iPhone 12 supercycle seems unlikely in light of the current circumstances

iPhone 12 supercycle seems unlikely in light of the current circumstances
The iPhone 12 was previously expected to have an iPhone 6-esque success, but two recent reports cast a doubt on that.

Barclays analyst Tim Long is of the opinion that the optimism surrounding the first 5G-enabled iPhone is massively overblown. He notes that a similarly anticipated supercycle from 3G to 4G never panned out. In fact, the first 4G-ready iPhone, the iPhone 5, witnessed the most deceleration in unit growth in iPhone history.

Backing this up is a Digitimes report that expects iPhone sales to reach around 63-68 million units in the second half of 2020, a decline of more than five million units when compared to iPhone 11 shipments during the same period.

The publication believes this could be attributed to a delay of four to six weeks in the mass production and official launch of the iPhone 12 because of the coronavirus pandemic. Apple had previously confirmed this year's iPhone is behind schedule.

The silver lining here is that the unemployment benefits that the US government will provide could boost the sales of the iPhone 12 series by 10 million units in the second half of 2020.

On the other hand, demand will be impacted negatively if WeChat is removed from the AppStore in China and Digitimes believes sales of the iPhone will decline by nearly 10 percent to 190 million units if this materializes.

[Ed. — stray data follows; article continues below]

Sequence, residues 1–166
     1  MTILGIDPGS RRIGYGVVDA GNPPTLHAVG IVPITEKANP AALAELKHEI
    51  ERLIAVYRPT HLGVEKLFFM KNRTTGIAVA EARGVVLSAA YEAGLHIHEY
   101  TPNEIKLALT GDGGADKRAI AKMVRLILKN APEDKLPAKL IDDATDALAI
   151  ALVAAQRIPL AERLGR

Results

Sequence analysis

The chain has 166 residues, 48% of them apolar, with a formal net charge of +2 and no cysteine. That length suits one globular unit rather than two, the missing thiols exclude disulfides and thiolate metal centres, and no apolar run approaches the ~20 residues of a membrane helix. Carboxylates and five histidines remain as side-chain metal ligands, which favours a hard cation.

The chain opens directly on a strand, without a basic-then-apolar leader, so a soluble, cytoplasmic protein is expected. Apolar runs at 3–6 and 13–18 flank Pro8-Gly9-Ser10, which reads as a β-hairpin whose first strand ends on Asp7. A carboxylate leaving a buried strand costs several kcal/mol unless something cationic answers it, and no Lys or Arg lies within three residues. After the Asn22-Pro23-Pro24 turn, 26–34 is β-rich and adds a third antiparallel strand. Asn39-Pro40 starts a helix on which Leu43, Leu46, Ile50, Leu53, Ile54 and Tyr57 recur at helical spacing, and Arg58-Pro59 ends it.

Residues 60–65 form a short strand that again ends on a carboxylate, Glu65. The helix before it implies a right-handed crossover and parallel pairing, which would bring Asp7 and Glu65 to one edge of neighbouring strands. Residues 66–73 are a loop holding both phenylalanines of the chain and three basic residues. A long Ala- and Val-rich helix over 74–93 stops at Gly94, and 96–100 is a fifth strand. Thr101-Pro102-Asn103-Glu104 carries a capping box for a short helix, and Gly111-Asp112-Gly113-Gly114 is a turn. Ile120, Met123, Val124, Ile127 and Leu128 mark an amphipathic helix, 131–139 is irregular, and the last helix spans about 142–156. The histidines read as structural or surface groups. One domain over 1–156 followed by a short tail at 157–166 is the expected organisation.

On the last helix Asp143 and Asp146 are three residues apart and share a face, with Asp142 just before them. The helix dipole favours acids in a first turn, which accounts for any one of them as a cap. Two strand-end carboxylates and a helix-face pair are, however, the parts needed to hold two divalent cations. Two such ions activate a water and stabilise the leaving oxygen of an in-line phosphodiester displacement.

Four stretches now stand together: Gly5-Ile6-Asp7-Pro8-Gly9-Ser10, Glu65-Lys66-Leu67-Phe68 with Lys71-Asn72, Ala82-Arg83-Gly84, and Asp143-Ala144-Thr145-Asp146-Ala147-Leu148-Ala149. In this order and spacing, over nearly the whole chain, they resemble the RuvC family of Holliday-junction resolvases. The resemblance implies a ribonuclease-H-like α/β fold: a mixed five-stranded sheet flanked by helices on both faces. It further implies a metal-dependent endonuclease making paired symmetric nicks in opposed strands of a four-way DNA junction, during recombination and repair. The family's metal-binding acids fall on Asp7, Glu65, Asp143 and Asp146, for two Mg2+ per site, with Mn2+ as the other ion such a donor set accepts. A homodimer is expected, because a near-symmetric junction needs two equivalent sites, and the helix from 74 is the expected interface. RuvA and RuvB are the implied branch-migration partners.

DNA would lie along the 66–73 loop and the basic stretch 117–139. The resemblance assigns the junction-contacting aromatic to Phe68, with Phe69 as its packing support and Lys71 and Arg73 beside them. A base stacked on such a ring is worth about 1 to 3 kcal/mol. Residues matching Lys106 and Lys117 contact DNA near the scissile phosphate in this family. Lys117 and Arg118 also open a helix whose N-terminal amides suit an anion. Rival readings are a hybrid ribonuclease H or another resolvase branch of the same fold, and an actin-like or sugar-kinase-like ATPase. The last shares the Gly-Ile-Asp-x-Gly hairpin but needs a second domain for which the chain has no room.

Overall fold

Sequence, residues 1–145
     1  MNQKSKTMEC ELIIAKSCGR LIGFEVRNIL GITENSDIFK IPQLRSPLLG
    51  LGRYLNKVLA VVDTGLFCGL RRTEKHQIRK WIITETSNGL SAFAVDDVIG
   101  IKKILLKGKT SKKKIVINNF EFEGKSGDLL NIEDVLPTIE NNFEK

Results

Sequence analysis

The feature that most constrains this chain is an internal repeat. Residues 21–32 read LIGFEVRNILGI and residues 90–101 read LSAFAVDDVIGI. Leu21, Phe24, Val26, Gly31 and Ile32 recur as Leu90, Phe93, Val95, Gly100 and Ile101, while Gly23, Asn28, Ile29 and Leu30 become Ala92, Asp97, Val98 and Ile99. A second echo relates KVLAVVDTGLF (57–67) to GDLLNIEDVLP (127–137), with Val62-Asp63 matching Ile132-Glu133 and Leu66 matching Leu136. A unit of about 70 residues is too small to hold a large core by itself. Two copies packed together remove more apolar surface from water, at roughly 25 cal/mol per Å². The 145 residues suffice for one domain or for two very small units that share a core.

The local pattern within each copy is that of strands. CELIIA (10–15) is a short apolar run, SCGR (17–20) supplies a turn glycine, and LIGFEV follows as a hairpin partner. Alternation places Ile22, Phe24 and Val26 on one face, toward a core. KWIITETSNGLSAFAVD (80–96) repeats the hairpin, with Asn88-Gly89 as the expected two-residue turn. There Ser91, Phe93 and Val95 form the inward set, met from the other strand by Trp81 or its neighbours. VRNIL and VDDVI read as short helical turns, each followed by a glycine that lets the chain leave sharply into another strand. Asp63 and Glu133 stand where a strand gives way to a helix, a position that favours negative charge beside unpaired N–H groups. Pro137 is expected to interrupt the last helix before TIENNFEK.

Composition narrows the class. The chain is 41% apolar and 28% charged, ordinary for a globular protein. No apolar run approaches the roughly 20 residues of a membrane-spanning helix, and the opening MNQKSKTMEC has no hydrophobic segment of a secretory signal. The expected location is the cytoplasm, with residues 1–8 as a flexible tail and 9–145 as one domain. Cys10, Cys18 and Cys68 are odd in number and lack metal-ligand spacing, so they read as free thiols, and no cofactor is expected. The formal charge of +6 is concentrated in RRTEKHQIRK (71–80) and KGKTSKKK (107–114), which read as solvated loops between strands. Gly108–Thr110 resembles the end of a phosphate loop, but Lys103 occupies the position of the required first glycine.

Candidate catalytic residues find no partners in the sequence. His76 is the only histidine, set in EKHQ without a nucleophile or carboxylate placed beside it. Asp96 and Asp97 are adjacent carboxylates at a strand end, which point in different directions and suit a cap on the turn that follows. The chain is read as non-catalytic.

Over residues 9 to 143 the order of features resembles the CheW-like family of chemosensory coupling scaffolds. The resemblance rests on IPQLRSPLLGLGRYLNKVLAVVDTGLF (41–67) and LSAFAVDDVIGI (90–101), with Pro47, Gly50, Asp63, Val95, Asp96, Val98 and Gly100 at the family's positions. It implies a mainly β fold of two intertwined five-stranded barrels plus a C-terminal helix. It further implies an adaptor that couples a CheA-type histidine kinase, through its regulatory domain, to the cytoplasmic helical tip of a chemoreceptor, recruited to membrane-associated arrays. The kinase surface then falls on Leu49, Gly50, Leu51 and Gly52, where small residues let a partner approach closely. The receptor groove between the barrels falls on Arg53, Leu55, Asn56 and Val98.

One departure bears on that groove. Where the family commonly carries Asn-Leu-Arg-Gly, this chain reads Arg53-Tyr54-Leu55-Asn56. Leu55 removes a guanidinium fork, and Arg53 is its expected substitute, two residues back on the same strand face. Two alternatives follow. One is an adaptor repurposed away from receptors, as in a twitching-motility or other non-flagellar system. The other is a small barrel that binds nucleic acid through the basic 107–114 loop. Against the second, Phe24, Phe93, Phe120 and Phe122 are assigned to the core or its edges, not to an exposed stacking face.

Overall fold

WeChat is an indispensable part of digital life in China, and a survey shows that consumers in the country would rather abandon the iPhone than the app.

The iPhone 12 may start at $749

Previous estimates about iPhone 12 2020 shipments are not in harmony with each other, ranging from Cannacord's forecast of 168 million to Wedbush's forecast of 215 million units.

Apple is expected to announce the iPhone 12 in September before rolling out the lineup in October. Per estimates, about 350 million of the existing 950 million iPhones are in an upgrade window and this, coupled with the fact that these would be the first 5G-ready iPhones, had raised the possibility of a supercycle.

Previously, a lower starting price than last year's model was also expected to be a contributing factor to the supercycle but according to a recent report, the base model could actually be priced higher.

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